7 Things You'll Need for Breastfeeding

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Finally, the pregnancy journey is over. Your little bundle of joy has been born and has joined the family. It’s now time to start thinking about how to make sure baby grows to be healthy and strong, proper feeding and nutrients are essential for this.

If you choose to breastfeed, it’s important to know that there are certain items you will need to make the whole process comfortable and convenient for you to make sure baby is.

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Here are 7 things you’ll need for breastfeeding

  1. Nursing Pads: Most women find that their breasts leak, with different frequencies. Nursing pads are pads you place over your nipple when you’re not breastfeeding to absorb milk that leaks.
  2. Nursing pads can either be reusable or disposable. If you’re getting reusable nursing pads, which is more economical, make sure that it’s made from 100% cotton. On the other hand, if you’re purchasing disposable ones, they could be made from either cotton or absorbent paper. To reduce your risk of infection, you should take off pads and throw away (if disposable) when they become damp or wash them (if reusable).

    Also, there are silicone nursing pads, which don’t absorb leaks but work to prevent them from happening by exerting light pressure to your breasts.

  3. Nursing Bras: These are special kinds of bras that make breastfeeding a whole lot more convenient. First, they provide extra support to your breasts, which are bigger and heavier than normal. Second, they dispense with the need to take off the bra whenever you want to breastfeed because they’re made with flaps that can be opened to uncover the nipple.
  4. There are numerous types of nursing bras, and it’s important that you choose one that fits comfortably. It is also advisable to avoid nursing bras that have underwire as that can obstruct your milk flow and cause mastitis (inflammation of the breast tissue) or cause your milk ducts to be congested.

  5. Electric pump or Manual pump: A breast pump is simply a device that’s used to express/extract milk from your breasts. You may be asking, why would you need to pump your breastmilk? To ensure that your baby can continue having breast milk even when you’re not around, especially if you are planning to go back to work. The breast milk you extract will then be placed in bottles or collection bags, and can later be bottle-fed to your baby.
  6. The breast pump can either be electric or manual. Manual pumps are best for infrequent pumping or pumping on-the-go. They eliminate the need to have to find an electrical outlet whenever you want to use it, as they can be powered by hand or foot. On the other hand, electric pumps are the wiser choice if you plan to withdraw milk regularly.

    Breast pumps can also be used to relieve engorgement or to stimulate lactation for women who have low-supply.

  7. Bottles or Collection bags: Once you’ve pumped out your breast milk, the next step is to store it properly for when baby needs it. Storage is done either freezing the milk in either a bottle or a collection bag. Refrigerating can be done provided that the breastmilk is to be used within a few days.
  8. Using a breast milk collection bag allows you to save freezer/fridge space, and the milk thaws faster. The downside to them is that they are not reusable, as they come pre-sterilized. Milk bottles are made of glass or BPA-free plastic and they take up more space than collection bags, but they’re reusable.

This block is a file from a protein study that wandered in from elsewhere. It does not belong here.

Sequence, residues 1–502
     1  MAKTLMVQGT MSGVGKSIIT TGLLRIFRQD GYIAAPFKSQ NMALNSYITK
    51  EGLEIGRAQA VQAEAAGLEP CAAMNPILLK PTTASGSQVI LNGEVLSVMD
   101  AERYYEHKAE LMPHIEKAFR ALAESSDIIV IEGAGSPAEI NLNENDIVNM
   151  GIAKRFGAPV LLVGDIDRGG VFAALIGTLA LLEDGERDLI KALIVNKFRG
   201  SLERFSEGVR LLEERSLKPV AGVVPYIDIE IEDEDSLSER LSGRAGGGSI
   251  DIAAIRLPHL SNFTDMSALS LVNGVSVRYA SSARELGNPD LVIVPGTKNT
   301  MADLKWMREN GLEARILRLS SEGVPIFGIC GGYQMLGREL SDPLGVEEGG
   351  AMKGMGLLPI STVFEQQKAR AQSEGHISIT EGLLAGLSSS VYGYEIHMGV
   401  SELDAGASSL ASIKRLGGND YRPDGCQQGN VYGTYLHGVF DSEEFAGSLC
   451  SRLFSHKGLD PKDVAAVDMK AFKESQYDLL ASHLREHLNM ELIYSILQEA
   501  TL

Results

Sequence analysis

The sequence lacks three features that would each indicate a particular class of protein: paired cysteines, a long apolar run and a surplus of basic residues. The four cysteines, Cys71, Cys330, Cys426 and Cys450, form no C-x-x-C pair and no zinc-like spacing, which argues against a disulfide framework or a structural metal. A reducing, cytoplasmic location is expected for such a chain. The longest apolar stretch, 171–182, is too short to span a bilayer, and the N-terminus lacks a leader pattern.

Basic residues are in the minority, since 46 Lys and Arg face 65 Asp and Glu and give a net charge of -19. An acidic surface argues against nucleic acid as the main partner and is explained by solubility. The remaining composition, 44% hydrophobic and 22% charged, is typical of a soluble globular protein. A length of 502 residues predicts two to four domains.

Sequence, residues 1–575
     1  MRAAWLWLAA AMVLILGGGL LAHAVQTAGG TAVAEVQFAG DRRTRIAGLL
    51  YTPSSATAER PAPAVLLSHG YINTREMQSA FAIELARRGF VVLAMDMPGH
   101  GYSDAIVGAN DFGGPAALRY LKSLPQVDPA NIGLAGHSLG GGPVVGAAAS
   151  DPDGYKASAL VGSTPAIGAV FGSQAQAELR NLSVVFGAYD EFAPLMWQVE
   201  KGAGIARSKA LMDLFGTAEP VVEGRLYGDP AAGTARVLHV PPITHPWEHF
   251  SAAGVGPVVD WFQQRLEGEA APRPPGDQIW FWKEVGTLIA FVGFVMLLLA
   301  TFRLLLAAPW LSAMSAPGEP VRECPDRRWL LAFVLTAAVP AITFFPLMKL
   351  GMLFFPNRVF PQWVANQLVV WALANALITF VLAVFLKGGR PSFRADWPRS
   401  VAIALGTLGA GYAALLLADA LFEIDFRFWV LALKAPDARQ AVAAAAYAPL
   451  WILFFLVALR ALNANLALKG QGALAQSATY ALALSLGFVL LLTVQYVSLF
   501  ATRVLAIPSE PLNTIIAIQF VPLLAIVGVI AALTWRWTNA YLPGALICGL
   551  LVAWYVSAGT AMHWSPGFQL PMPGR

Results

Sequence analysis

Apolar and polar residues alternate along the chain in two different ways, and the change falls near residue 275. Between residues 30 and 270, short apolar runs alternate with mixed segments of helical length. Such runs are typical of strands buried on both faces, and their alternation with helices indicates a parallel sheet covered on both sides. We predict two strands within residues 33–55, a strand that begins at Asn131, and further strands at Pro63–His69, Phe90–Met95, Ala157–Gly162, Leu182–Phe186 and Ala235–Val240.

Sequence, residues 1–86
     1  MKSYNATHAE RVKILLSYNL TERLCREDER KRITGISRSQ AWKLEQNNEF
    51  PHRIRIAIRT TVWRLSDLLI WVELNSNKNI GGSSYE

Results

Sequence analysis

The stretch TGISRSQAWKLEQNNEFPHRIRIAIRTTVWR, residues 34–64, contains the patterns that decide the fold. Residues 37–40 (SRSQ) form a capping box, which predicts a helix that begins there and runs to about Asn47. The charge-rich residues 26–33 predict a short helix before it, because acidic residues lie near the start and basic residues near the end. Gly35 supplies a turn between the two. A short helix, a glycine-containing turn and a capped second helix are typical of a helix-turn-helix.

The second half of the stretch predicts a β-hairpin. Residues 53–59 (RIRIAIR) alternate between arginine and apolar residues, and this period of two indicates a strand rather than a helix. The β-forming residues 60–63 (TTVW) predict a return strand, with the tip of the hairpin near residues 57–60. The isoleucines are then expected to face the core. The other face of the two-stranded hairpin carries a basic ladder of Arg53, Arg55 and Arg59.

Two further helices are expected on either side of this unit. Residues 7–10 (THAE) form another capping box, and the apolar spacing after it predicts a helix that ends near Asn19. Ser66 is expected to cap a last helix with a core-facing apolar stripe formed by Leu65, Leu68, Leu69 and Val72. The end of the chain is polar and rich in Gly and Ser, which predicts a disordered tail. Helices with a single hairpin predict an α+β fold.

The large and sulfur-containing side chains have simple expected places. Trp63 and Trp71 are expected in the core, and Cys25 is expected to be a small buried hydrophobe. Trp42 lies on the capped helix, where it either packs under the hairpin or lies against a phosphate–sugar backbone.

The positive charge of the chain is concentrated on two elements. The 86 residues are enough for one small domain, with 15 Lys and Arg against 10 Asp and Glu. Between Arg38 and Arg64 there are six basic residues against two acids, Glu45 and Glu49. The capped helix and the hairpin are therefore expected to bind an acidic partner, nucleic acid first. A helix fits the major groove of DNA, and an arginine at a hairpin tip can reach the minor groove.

9. Nipple Creams: Some women develop dry, cracked or sore nipples while breastfeeding. Nipple creams or ointments are used to relieve the soreness and assist/speed up the healing of the nipples. Some even prevent the cracking and drying of the nipples from happening in the first place. There’s an overwhelming variety of nipple creams on the market. You should always ensure you get one that’s made from ingredients that are safe for your baby to ingest, as traces of it may still be left on your nipple when you’re feeding him/her.
  10. Avoid nipple creams that you have to wash off before breastfeeding. It means the ingredients may be toxic to your baby, and the constant washing off may dry out your nipples even more! Most mothers choose 100% lanolin nipple creams which are safe and effective. But if you’re vegan, you may want to go with plant-based alternatives.

  11. Nipple Shields: These are artificial nipples worn over your nipples when you’re breastfeeding to help with latching. This is because some women have flat or inverted nipples which can make breastfeeding a bit tough, as the baby would find it hard to latch on to the nipples.
  12. Nipple shields are not intended for long-term use. They’re to aid with drawing out the nipples to a point where you no longer need them to breastfeed. Nipple shields, in some cases, help to regulate the flow of milk for women. And they are also used to protect sore or cracked nipples. Nipple shields are associated with an increased risk of developing clogged ducts or mastitis so it is advised to only use them when your physician or lactation consultant recommends them to you.

  13. Nursing Cover-ups: Some nursing mothers feel uncomfortable when they need to breastfeed in public. If this is you, a nursing cover or shawl will serve you well. A nursing cover should be made from breathable material or you run the risk of suffocating your baby. Ideally, it should also be easy to clean. Note: Nursing covers are not ‘a must’. There’s nothing wrong with breastfeeding publicly without a cover. You should only use one if it’s truly your preference.

All in all, breastfeeding can be a bonding experience for mother and child. And these items are created to make it a more comfortable experience and help you overcome difficulties that may be encountered along the way.

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